No one can dispute the romance of riding a motorcycle. The open air, the growling throttle, and the ballet of leaning from side to side to bank around curves all make it a mode of transportation in a class of its own. But these thrills are connected to another aspect of driving a bike: the danger. Motorcycle drivers are utterly unprotected from the whims of weather, the distractions of drivers, and the punishments of pavement. Fortunately, you can reduce the risks of injury with three simple steps. Here are the ABCs of motorcycle safety.
A – Air, Always
A motorcycle is essentially a seat, a steering column, a motor, and two wheels. When you realize this, you cannot escape the conclusion that caring properly for your tires is essential. Each and every time you go to get on your bike, you should ensure that the tires are properly inflated. The classic approach is to give a stiff kick to each tire before you mount, listening for a satisfying rubber drum sound.
A better practice is to kneel down – c’mon, work those joints before settling in for a long sit! – and thump the tires with your hand while your ear leans in toward the wheel. Do you hear the hiss of escaping air? Can you see any obvious risks of puncture, such as a nail or screw stuck partway into the tire or debris caught up in the wheel well? If so, it’s better to address it now than a few miles down the highway when that impaled object works its way out, or causes a catastrophic rupture.
Even if your tire is losing pressure due to a slow leak, it’s better to top it off with more air before you set out. An under-inflated tire makes it harder to steer nimbly, reducing handling that is precious in an emergency. (It also degrades your gas mileage, if that’s important to you.) Also, the tire will flatten out more when you drive, exposing more of the surface to the road and to risk of puncture. In extreme cases, riding on a low tire can damage the side walls of the tire, making repair harder and increasing the risk of a catastrophic failure.
The letter A in the ABCs of motorcycle safety is Air, Always.
B – Bike Breakdown
One of the reasons we love motorcycles is that they are so spare and utilitarian. There are no seat warmers or cup holders or fuzzy dice hanging from the rearview mirror. Every part of the bike has a purpose, like the sailors on a battleship or the players on a football field. Before big trips, and at least once every month, give your bike’s hardware a good once-over.
Are both turn signals working? Do the brake lights work? Are the mirrors and headlights clean? Is the drive chain or belt properly lubricated? With the engine off and the brakes engaged, can you get the tires to rotate at all just by pushing? And give those tires a good look, for the reasons discussed above. This whole end-to-end inspection might take ten minutes once a month, and it will be easier the more often you do it. It’s a small investment to keep your favorite machine humming safely.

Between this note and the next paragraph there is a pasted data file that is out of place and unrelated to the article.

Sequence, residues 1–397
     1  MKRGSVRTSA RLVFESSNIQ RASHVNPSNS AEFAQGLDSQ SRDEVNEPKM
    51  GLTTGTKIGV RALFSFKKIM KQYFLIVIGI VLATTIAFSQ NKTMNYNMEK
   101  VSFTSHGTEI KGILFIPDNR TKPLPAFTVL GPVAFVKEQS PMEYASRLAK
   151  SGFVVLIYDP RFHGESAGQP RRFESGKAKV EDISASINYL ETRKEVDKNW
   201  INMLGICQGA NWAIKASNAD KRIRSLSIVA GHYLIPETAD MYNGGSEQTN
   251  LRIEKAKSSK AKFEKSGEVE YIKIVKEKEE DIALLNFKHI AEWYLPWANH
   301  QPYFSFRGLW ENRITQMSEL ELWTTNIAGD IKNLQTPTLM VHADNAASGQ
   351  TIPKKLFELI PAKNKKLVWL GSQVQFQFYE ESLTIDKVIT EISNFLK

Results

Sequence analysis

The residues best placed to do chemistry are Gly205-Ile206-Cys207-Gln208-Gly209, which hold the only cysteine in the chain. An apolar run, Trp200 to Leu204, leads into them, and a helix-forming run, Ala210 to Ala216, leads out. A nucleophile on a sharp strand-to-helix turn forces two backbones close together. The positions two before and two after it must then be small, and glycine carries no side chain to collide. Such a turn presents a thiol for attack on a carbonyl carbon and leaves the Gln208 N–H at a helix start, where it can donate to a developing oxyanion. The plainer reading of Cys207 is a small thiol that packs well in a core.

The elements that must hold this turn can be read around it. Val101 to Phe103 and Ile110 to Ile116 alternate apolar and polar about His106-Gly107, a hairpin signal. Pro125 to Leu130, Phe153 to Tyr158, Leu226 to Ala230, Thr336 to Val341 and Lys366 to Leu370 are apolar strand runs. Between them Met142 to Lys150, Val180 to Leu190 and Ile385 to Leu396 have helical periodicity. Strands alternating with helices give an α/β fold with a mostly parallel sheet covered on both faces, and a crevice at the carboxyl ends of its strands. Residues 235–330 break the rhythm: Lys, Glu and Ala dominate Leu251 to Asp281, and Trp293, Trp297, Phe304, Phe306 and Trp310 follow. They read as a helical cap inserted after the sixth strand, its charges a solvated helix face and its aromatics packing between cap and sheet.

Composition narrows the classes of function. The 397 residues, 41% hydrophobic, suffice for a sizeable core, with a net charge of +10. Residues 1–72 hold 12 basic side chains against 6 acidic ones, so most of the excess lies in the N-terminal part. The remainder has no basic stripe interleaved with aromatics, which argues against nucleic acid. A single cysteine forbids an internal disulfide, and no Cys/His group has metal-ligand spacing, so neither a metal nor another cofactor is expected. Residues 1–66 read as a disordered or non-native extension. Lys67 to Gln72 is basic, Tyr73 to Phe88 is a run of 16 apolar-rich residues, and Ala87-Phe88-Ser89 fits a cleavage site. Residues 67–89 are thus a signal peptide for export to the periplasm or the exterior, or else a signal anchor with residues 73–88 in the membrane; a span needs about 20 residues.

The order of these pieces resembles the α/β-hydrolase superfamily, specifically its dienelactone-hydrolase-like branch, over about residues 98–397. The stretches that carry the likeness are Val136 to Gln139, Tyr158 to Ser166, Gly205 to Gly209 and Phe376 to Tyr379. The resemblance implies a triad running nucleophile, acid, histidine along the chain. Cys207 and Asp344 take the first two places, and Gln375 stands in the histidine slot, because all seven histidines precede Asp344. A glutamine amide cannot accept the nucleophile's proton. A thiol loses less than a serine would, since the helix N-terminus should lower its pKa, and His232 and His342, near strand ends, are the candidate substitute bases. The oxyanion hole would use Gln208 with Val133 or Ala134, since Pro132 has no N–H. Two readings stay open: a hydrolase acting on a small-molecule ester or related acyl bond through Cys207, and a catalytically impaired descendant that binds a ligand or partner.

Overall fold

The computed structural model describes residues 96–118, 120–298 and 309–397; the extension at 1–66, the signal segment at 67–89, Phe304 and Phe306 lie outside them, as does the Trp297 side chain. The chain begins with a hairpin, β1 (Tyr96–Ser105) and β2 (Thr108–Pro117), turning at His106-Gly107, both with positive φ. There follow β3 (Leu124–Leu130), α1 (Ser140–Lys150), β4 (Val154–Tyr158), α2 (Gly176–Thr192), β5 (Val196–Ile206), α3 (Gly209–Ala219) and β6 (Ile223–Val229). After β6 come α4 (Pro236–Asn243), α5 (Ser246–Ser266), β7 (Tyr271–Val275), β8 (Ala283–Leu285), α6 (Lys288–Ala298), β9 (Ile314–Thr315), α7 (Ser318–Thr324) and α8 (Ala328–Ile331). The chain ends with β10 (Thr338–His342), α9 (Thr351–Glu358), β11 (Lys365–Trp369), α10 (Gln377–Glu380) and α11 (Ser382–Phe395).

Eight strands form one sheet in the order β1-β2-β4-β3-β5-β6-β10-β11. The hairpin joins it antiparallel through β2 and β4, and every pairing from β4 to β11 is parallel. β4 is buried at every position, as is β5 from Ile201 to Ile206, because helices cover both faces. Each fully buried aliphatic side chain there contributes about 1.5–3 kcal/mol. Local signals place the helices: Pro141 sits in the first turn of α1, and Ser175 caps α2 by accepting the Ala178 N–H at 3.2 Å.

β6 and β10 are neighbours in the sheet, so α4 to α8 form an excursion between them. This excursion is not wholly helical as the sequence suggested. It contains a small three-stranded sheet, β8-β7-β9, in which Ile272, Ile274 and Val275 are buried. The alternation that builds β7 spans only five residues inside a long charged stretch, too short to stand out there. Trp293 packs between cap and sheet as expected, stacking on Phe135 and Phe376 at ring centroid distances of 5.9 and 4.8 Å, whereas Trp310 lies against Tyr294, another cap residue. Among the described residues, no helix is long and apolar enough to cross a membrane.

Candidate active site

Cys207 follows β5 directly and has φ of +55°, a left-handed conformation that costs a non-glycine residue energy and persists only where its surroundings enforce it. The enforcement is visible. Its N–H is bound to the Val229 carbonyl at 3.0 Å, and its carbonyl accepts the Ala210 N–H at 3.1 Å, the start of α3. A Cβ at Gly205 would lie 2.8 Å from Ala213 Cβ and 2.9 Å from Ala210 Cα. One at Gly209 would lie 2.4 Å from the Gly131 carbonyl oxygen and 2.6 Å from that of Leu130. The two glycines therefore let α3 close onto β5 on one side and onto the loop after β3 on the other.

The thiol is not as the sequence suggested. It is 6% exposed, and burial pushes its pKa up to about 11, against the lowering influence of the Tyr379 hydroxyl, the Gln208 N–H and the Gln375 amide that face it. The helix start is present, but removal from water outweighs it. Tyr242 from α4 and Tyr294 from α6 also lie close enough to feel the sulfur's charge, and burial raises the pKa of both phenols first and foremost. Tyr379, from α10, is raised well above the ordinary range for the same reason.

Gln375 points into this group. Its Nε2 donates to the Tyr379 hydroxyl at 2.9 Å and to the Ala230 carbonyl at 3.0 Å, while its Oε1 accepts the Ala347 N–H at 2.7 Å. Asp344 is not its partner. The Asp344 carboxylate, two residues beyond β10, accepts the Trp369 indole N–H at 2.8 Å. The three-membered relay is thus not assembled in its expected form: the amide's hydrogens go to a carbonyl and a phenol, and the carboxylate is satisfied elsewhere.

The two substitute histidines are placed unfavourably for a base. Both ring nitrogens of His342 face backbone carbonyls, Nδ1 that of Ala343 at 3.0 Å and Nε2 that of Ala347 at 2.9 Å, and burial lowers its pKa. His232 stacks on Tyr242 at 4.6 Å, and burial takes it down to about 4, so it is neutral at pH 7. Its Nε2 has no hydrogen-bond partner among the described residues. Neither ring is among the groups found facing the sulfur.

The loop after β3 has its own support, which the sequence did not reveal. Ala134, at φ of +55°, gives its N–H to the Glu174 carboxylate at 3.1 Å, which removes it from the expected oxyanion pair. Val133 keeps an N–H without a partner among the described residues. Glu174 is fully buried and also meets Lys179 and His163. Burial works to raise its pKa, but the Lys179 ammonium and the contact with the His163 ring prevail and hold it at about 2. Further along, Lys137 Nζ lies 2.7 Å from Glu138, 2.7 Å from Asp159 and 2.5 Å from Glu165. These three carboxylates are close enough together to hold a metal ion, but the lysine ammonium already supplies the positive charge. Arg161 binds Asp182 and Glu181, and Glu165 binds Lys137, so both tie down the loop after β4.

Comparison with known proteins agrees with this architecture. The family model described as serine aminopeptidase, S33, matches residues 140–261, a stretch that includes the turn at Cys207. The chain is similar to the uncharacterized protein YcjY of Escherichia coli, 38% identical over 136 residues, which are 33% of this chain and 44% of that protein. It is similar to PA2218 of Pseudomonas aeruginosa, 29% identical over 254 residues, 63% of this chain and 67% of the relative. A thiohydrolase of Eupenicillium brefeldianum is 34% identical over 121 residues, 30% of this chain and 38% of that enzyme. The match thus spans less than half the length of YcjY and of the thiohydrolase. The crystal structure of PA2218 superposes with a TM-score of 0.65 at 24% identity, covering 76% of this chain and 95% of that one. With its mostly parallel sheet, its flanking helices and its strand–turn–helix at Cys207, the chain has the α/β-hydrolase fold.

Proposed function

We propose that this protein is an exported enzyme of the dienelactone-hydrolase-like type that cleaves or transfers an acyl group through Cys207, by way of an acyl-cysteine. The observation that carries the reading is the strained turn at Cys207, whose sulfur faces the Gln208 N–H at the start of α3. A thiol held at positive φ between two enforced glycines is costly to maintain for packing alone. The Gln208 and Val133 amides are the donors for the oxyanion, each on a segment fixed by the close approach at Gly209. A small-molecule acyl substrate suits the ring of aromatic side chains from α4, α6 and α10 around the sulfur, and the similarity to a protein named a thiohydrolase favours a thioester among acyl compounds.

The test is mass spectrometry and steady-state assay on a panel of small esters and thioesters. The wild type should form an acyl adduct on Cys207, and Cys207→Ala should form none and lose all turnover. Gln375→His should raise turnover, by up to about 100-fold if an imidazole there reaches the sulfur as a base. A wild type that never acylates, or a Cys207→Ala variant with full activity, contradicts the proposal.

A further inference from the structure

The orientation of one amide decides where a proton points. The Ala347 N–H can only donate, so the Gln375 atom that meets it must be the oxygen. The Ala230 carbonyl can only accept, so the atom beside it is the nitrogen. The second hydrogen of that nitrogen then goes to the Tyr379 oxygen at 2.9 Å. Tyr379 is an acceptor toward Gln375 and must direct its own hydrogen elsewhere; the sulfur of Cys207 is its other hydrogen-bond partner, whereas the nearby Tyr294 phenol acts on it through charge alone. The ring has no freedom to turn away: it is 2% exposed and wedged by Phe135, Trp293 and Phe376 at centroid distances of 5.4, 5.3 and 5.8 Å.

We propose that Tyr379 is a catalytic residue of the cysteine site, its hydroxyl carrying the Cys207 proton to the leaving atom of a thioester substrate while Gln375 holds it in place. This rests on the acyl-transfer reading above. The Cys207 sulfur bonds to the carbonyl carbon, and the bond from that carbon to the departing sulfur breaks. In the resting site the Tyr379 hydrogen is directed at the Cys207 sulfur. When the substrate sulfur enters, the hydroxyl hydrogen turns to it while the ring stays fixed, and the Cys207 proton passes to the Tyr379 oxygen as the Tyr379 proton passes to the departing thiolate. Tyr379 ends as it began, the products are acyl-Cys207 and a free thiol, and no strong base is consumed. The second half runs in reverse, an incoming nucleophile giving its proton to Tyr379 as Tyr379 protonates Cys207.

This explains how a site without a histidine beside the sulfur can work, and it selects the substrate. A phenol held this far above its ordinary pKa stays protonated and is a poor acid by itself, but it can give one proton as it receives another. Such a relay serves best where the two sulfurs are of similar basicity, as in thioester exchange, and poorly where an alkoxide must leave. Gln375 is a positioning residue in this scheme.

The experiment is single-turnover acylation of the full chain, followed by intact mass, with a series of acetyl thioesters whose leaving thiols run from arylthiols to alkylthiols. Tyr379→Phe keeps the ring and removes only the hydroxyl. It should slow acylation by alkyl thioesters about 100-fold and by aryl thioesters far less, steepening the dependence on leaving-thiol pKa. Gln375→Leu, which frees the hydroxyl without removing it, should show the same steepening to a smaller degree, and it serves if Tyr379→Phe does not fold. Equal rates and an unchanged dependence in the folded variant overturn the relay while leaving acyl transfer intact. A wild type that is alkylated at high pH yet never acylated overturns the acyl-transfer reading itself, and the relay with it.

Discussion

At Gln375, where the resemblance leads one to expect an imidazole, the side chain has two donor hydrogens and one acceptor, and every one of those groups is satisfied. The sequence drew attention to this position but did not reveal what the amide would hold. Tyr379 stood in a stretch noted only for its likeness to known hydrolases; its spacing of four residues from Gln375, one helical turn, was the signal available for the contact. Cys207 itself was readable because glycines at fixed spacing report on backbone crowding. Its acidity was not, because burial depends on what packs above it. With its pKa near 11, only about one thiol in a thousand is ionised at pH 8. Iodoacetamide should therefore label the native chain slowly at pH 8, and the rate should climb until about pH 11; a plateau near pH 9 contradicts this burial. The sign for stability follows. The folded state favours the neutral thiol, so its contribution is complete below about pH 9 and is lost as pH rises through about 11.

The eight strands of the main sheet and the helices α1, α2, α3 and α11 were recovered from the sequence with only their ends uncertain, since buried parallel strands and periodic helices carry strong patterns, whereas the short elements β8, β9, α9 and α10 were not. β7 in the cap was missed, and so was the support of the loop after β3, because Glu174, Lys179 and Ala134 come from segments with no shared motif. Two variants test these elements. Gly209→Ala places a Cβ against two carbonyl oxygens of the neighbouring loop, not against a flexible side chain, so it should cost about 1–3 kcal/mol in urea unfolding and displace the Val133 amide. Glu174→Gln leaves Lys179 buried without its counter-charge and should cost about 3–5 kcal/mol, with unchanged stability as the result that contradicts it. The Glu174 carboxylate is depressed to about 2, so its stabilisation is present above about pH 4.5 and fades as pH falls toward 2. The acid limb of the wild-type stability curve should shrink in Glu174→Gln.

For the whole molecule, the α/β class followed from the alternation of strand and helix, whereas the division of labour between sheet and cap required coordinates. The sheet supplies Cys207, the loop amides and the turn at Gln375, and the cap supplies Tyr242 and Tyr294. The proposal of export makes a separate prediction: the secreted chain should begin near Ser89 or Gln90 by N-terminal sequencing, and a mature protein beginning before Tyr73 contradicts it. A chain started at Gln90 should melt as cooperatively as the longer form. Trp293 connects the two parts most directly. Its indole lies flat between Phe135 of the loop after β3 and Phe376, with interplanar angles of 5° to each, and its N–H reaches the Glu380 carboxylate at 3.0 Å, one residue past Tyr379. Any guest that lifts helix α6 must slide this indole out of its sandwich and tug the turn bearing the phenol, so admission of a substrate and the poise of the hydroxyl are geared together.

The letter B in the ABCs of motorcycle safety is Bike Breakdown.
C – Clothes Consciousness
Motorcycle fashion is a big part of the culture. From the iconic leather chaps and bandana to the “If you can read this…” T-shirt, there’s plenty to celebrate about the colorful tastes of riders. But don’t get so swept up in managing your image that you forget about your wellness. Maybe helmets are “not cool”…until you don’t have yours on during a serious crash. Don’t rely on a pair of aviators to fight off sun glare and keep debris from your face – a full-shell helmet with visor is best. Casual dress may signal “I’m a free spirit,” but it also says, “I’m eager for injury.” A Las Vegas man was killed in a recent motorcycle accident after his sweater (or some other article of clothing) became wrapped up in his wheel, locking it and ejecting him from the bike. Dressing in full leathers may seem like a burden or a fashion statement that doesn’t work for you, but it’s your best protection against the incalculable pain of road rash. (There are breathable products for summer riding, if you’re worried about over-heating under twenty pounds of leather.)
But this doesn’t mean that you have to be dressed in black from your shiny helmet to your ankle protectors. Vests, helmet wraps, and a variety of riding-specific accessories can distinguish your “look’ from the rest of the crowd and increase your visibility to those car drivers who seem perpetually blind to motorcyclists. One of the strongest pieces of evidence in car versus motorcycle injury lawsuits is proof that the biker was wearing appropriate, visible safety gear.
The C in the ABCs of motorcycle safety is Clothing Consciousness.
Follow these three simple steps and in a short time they will become automatic, protecting you for a long and joyous riding career.